Jupiter and Saturn to be closest to each other in a rare phenomenon on Dec. 21
The scientific community across the globe is excited about the Great Conjunction that is to take place on December 21.
Amid the furore of local body elections, Kozhikode too is gearing up for the rare astronomical phenomenon. The Regional Science Centre and Planetarium (RSCP) here will organise an observation session from 6.30 p.m. onwards for the event that takes place around 11.30 p.m.
It is at this time that the giant planets — Jupiter and Saturn — will be almost in the same line of sight, appearing very close to each other. Astronomically speaking, they will have an angular separation of 0.1 degree or six minutes and six seconds in angular measure.
The phenomena involving two solar system objects like Sun, Moon, and planets appearing close to the ‘ecliptic’ or ‘the apparent path of Sun in the sky’, while from Earth they appear to have a very small angular separation, is termed as a ‘conjugation’. From this year, it will involve two giant planets brightly visible in the night sky, and it is termed as a the Great Conjunction.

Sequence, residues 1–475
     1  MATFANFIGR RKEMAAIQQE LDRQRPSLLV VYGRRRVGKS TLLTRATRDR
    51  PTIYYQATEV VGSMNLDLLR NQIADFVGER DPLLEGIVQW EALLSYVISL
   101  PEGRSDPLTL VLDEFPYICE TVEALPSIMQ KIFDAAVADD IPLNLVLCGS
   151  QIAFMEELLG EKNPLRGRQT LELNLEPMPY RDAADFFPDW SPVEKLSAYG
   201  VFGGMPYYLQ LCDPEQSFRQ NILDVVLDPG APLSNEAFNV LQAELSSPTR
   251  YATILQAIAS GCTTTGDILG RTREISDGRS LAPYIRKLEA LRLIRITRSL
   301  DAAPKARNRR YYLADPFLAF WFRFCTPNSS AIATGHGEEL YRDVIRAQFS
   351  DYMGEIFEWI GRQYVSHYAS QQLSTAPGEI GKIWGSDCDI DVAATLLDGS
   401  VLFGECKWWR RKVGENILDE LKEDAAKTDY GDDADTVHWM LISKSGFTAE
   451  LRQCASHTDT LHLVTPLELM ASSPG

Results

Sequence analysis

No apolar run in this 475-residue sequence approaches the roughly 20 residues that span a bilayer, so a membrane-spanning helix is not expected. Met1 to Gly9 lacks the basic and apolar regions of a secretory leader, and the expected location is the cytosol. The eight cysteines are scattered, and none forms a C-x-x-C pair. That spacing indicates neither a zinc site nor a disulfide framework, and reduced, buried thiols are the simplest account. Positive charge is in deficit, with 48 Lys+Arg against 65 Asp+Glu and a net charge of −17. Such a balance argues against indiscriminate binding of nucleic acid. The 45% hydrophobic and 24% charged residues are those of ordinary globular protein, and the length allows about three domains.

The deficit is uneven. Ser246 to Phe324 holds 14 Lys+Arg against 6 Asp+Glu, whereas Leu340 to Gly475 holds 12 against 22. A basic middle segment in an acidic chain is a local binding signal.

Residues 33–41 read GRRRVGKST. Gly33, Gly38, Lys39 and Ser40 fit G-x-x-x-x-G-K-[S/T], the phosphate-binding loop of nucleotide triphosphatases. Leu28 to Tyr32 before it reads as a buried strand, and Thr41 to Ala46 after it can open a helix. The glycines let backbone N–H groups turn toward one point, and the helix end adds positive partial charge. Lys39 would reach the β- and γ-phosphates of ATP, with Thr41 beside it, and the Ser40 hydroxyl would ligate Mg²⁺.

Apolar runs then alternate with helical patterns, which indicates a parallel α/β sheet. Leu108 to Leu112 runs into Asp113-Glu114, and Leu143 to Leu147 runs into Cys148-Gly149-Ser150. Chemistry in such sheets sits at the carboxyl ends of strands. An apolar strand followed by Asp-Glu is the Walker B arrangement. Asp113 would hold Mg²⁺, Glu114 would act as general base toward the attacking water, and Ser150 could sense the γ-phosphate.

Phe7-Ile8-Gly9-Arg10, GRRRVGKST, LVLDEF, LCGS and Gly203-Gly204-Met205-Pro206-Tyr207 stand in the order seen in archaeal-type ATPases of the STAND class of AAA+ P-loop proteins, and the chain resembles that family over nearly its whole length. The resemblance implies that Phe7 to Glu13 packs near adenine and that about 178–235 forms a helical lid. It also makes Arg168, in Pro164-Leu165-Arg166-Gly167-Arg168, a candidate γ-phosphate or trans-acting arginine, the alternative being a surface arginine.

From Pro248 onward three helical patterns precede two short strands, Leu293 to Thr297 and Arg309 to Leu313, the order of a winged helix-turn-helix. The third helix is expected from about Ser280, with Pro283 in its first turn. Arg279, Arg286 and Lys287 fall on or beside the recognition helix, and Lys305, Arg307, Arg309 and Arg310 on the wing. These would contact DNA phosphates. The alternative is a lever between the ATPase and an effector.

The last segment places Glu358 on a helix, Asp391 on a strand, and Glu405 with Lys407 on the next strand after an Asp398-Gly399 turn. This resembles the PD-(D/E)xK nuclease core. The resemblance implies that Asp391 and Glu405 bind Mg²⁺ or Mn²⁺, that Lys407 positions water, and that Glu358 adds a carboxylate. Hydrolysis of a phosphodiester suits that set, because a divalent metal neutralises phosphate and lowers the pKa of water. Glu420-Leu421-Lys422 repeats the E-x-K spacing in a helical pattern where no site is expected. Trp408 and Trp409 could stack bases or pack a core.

Though the phenomenon takes place every 19 years, the separation between the two planets varies from one conjunction to the other, depending on the orbital positions. It was almost 400 years ago that a conjugation of this magnitude took place last. Jupiter and Saturn had an angular separation of around five minutes 10 seconds on July 16, 1623.
Crosstaff is a method used by astronomy enthusiasts to measure the angular separation between the objects involved in conjugation. A contest supported by the Astronomical Society of India involving many like-minded institutions and planetariums titled ‘Samanta Chandrasekhar Challenge’ involves recording and reporting the angular separation values on a daily basis. Hence, the RSCP is also organising a workshop on ‘Development of Crosstaff and using related measurement techniques’ on December 15 at 10:30 a.m. Those interested shall register using the link: shorturl.at/sEGR8.